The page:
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Defending White Collar Crimes

The term White-collar crime refers to nonviolent crimes that are committed by businessmen and government professionals. Such crimes are financially motivated. White-collar crimes normally refer to crimes by people who are slightly wealthier – those who wear a “white collar” to work. They generally involve fraud or public corruption. For the first time, white collar crimes were defined by the sociologist Edwin Sutherland in 1939 as “a crime committed by a person of respectability and high social status in the course of his occupation”.

Some of the examples of white-collar crimes include fraud, insider trading, securities and commodities fraud, embezzlement, mortgage fraud, financial institution fraud, cybercrime, money laundering, identity theft, forgery, copyright infringement, fraud against the government, election law violations, mass marketing fraud, health care fraud and bribery.

White-collar crimes are not victimless. Sometimes, a single scam is enough to sabotage a company or devastate a family financially by wiping out the savings of their entire lives. It can even cost investors billions of dollars. The fraud schemes nowadays are more sophisticated than ever before.

White-collar criminal charges are a complex and evolving area of the law. There is variation among the criminal penalties of white-collar crimes. Most states charge the convicted with a fine and a prison sentence, and sometimes a combination of both. The criminal laws approve maximum penalties, which are quite severe most often. However, less than the maximum sentence is authorized to most of the defendants.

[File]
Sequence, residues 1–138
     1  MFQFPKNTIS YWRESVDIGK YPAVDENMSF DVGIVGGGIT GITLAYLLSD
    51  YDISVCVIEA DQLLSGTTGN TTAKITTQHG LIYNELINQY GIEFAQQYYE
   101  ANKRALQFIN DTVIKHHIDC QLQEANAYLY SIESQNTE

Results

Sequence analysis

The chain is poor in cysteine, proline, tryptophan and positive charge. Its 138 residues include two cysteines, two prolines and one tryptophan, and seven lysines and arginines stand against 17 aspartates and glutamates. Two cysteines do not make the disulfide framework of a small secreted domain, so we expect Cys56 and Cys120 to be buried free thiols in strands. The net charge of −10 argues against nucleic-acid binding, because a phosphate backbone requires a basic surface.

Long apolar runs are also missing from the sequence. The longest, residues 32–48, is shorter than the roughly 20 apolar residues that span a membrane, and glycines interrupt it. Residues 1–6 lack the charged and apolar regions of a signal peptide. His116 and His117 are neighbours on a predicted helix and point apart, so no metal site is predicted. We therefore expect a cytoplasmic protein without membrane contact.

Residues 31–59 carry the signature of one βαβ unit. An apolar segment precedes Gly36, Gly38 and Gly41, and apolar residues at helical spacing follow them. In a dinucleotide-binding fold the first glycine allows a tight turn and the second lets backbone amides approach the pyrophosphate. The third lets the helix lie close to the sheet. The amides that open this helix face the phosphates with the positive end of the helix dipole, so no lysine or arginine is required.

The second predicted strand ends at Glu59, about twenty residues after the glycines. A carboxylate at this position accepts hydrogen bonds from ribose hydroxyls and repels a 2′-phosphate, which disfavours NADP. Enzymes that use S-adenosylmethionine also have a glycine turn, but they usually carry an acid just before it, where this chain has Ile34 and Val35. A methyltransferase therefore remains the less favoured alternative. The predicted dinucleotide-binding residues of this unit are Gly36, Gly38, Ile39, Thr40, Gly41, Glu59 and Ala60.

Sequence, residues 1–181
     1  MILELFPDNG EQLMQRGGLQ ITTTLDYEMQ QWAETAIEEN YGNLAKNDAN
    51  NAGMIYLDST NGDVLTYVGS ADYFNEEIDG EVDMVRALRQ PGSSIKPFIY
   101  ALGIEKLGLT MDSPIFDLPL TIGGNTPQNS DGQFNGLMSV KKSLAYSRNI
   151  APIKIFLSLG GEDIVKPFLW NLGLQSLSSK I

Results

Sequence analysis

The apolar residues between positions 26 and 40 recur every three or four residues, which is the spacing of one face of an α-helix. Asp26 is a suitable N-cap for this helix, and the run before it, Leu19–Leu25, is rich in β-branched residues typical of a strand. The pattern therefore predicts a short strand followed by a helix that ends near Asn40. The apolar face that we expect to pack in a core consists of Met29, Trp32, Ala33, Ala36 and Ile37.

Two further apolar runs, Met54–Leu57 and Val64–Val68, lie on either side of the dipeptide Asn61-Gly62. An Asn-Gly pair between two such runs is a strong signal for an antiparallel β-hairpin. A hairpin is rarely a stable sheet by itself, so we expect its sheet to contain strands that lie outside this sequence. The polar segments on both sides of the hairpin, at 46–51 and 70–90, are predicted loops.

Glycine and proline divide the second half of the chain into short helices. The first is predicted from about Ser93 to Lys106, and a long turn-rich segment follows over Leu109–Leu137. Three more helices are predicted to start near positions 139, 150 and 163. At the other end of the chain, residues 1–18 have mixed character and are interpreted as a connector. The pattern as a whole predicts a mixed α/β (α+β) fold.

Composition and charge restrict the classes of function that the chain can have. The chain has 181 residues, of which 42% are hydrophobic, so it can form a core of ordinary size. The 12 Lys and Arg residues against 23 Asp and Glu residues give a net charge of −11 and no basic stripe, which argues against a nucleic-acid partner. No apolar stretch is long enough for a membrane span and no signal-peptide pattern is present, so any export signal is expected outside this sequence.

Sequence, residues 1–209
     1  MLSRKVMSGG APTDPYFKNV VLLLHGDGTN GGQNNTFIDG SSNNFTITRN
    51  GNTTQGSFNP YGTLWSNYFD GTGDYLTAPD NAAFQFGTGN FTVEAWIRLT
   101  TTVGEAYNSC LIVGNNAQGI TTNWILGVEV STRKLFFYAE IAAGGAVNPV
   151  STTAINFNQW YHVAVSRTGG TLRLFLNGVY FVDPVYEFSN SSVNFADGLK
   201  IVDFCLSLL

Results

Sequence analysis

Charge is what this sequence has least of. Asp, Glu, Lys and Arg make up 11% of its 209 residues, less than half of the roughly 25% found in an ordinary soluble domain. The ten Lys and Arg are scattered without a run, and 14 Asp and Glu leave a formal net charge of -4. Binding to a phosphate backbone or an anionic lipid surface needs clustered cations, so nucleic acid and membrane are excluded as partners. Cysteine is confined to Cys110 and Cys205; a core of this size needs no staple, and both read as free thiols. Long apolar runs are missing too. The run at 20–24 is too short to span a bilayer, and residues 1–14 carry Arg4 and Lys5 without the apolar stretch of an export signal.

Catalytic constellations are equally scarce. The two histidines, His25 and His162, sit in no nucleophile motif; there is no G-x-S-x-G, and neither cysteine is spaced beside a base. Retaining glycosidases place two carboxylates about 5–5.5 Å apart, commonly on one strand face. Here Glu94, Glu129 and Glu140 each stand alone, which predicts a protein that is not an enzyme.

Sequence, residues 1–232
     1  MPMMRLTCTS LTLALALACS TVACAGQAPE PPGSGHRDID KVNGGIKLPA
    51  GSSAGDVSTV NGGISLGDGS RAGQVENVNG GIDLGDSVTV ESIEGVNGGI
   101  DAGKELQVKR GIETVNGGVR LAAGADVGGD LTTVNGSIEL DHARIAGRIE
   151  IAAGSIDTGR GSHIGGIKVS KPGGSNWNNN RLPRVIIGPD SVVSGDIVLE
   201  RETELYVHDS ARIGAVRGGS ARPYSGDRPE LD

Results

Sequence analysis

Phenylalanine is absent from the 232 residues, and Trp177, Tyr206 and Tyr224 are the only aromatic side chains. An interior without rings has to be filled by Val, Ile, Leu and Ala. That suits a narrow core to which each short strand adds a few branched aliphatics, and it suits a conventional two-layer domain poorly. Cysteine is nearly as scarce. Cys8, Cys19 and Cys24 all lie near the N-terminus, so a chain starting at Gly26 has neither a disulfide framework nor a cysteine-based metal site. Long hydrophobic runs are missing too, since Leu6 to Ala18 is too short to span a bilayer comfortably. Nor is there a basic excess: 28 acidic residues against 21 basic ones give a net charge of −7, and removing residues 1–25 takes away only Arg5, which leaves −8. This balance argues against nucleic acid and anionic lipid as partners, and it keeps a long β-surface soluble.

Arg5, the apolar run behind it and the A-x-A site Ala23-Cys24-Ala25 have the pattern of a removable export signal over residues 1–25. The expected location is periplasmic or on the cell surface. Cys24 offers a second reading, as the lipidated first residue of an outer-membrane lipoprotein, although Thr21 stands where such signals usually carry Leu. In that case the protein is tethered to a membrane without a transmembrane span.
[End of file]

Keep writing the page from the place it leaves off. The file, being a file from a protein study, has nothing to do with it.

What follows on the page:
The sentencing guidelines followed by the courts vary depending upon the jurisdiction. The guidelines are followed in order to ensure that the criminal sentences are uniform, therefore, the judge is given little choice while imposing the sentence. Any prior criminal record and the crime for which the defendant is convicted are taken into consideration. The court, in some cases, may also consider factors that will enforce a sentence other than the sentence required by the guidelines.

A defendant who does not have any significant criminal record may be sentenced to probation, a postponed jail sentence, or a jail sentence that is far shorter than the maximum sentence. The convicted may also be charged with fines and is often required to confiscate any loss or pay compensation money to their victims.

There are a few strategies to defend oneself from being convicted of a white-collar crime:

  • Showing a lack of intent to commit a crime (for example, proving that you never intended to deceive someone) can help drop your charges. You can do this by preventing prosecution from proving intent
  • Demonstrating a lack of knowledge of unlawful activity occurring and your participation in it. When multiple parties are involved, it can give you a save passage
  • If you were made to forge documents by force, then you can take the help of coercion in the court room. Threats, fraud or force can also be used for entrapment defense to stick
  • Plea bargain may also be used when the defendant wants to admit his guilt. A shorter sentence is offered in exchange of guilty plea

Author Bio:

Scott Cohen is a highly qualified and dedicated Philadelphia Family Lawyer who can help you. Learn more about your legal options during a free consultation Call (267) 297-2952